Football fans are being invited to literally follow in the footsteps of legendary player and manager Brian Clough thanks to a new book.
Sunderland supporter Martin Perry and his Nottingham Forest-following pal Geoff Smith have collaborated on The Clough Walk - From Nottingham to Sunderland.
The book details a walking route from Nottingham to Roker beach, passing through towns and cities associated with “Old Big ‘Ead”.
Along the way, walkers have the opportunity to visit the locations of grounds Clough played and managed at, although some of those, Sunderland’s Roker Park, Derby’s Baseball Ground and Middlesbrough’s Ayresome Park no longer exist.
The 150-mile is described as “not as difficult as other long distance walks” and “accessible to all age groups”.
As a teenager Martin lived in Killingworth Drive, off Chester Road, and became a lifelong Sunderland fan.
Moving to Nottingham, he and Geoff became friends and watched Clough’s Nottingham Forest as they conquered England and Europe.
“I was working at a school in the early 90s and wrote to Brian to ask if he could come and present some awards there,” said former teacher Martin, now 67.
“He was absolutely brilliant with the kids and I never forgot that.
“When Geoff and I got into our 50s, we started doing long-distance walks and that’s when we planned our own on Brian’s life.
“As a walker, I wouldn’t say it’s a particularly hard walk. It can be done over a couple of weeks, maybe just doing 10 miles a day for some people.”
As well as the grounds made his name as a player and managed it, the route takes in statues of Clough in Nottingham, Derby and Middlesbrough.
Middlesbrough-born Clough played for his hometown team before moving to Sunderland in 1961.
His time at Roker Park was hugely successful, scoring 63 goals in 74 games, but he was hurt in a goalmouth collision and suffered a serious knee injury, forcing his retirement from the game in his late 20s.
Outspoken Clough’s management career began at Hartlepools before he and long-time assistant Peter Taylor moved to then Second Division Derby County.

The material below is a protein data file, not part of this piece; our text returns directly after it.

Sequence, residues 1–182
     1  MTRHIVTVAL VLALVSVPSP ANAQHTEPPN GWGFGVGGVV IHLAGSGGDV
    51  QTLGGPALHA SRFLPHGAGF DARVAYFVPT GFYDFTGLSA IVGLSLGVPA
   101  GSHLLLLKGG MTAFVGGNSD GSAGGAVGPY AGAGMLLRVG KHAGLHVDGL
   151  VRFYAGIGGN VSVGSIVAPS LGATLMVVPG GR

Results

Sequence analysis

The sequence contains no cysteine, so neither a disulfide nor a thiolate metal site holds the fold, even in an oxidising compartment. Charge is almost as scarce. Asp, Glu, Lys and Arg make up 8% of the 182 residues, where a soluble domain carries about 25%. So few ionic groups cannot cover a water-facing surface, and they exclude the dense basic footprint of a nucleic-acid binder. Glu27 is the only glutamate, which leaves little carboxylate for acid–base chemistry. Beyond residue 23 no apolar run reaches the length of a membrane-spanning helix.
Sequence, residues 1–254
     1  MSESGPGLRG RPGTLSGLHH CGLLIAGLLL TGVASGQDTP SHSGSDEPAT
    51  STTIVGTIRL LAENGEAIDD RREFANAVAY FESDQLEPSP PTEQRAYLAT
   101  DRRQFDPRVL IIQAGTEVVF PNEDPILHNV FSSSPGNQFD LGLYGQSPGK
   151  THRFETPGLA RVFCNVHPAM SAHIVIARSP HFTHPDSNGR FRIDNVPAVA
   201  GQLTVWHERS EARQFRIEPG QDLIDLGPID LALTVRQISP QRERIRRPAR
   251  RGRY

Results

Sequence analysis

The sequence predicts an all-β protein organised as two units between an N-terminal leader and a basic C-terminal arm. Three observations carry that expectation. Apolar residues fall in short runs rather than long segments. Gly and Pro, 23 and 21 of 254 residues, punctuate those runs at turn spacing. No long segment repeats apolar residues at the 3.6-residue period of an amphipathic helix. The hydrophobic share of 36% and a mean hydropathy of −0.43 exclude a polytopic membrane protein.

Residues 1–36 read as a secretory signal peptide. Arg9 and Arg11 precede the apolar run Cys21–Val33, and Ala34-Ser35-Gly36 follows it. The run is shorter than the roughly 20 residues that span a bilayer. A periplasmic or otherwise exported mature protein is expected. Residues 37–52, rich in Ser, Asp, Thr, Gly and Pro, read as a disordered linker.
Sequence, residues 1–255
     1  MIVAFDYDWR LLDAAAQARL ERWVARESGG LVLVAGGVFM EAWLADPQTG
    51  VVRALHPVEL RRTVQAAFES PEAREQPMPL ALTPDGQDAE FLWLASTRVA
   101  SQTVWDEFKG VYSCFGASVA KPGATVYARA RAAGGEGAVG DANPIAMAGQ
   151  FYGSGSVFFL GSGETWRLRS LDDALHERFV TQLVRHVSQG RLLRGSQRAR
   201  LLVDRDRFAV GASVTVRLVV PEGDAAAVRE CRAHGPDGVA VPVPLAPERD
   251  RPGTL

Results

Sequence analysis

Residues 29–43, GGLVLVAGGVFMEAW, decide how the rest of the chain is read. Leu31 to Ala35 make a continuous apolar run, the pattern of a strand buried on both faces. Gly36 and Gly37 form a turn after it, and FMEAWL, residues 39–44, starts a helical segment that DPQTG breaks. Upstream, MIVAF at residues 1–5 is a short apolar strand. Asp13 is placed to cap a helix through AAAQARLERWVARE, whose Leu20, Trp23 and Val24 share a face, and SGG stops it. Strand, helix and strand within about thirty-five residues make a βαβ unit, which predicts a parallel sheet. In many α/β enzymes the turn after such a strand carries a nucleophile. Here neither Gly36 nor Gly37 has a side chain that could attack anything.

The Rams were promoted in 1969 and won the First Division title in 1972.
After resigning from County the following year, an unsuccesful spell at Brighton and a disastrous 44 days in charge of Leeds United followed, before he took the reins at Nottingham Forest in early 1975.
In one of the greates feats in European football history, Clough took Forest from a mid-table Second Division team and turned them into double champions of Europe.
Winning the First Division in 1978, they won back-to-back European Cups in 1979 and 1980.
He retired in 1993 after an 18-year association with Forest, and following a well-publicised battle with alcoholism, died from stomach cancer in 2004.
Martin added that getting the blessing of the Clough family was a source of pride for their work.
“We mentioned it to the family and when we showed Brian’s son Simon that the walks end on the coast in Roker, he got quite emotional,” said Martin.
“They’ve actually provided the forward for the book which we’re really grateful about.
“They think it’s a lovely testament to someone who was such a special bloke.”
The Clough Walk - From Nottingham to Sunderland is published by Sigma Press and is priced £8.99.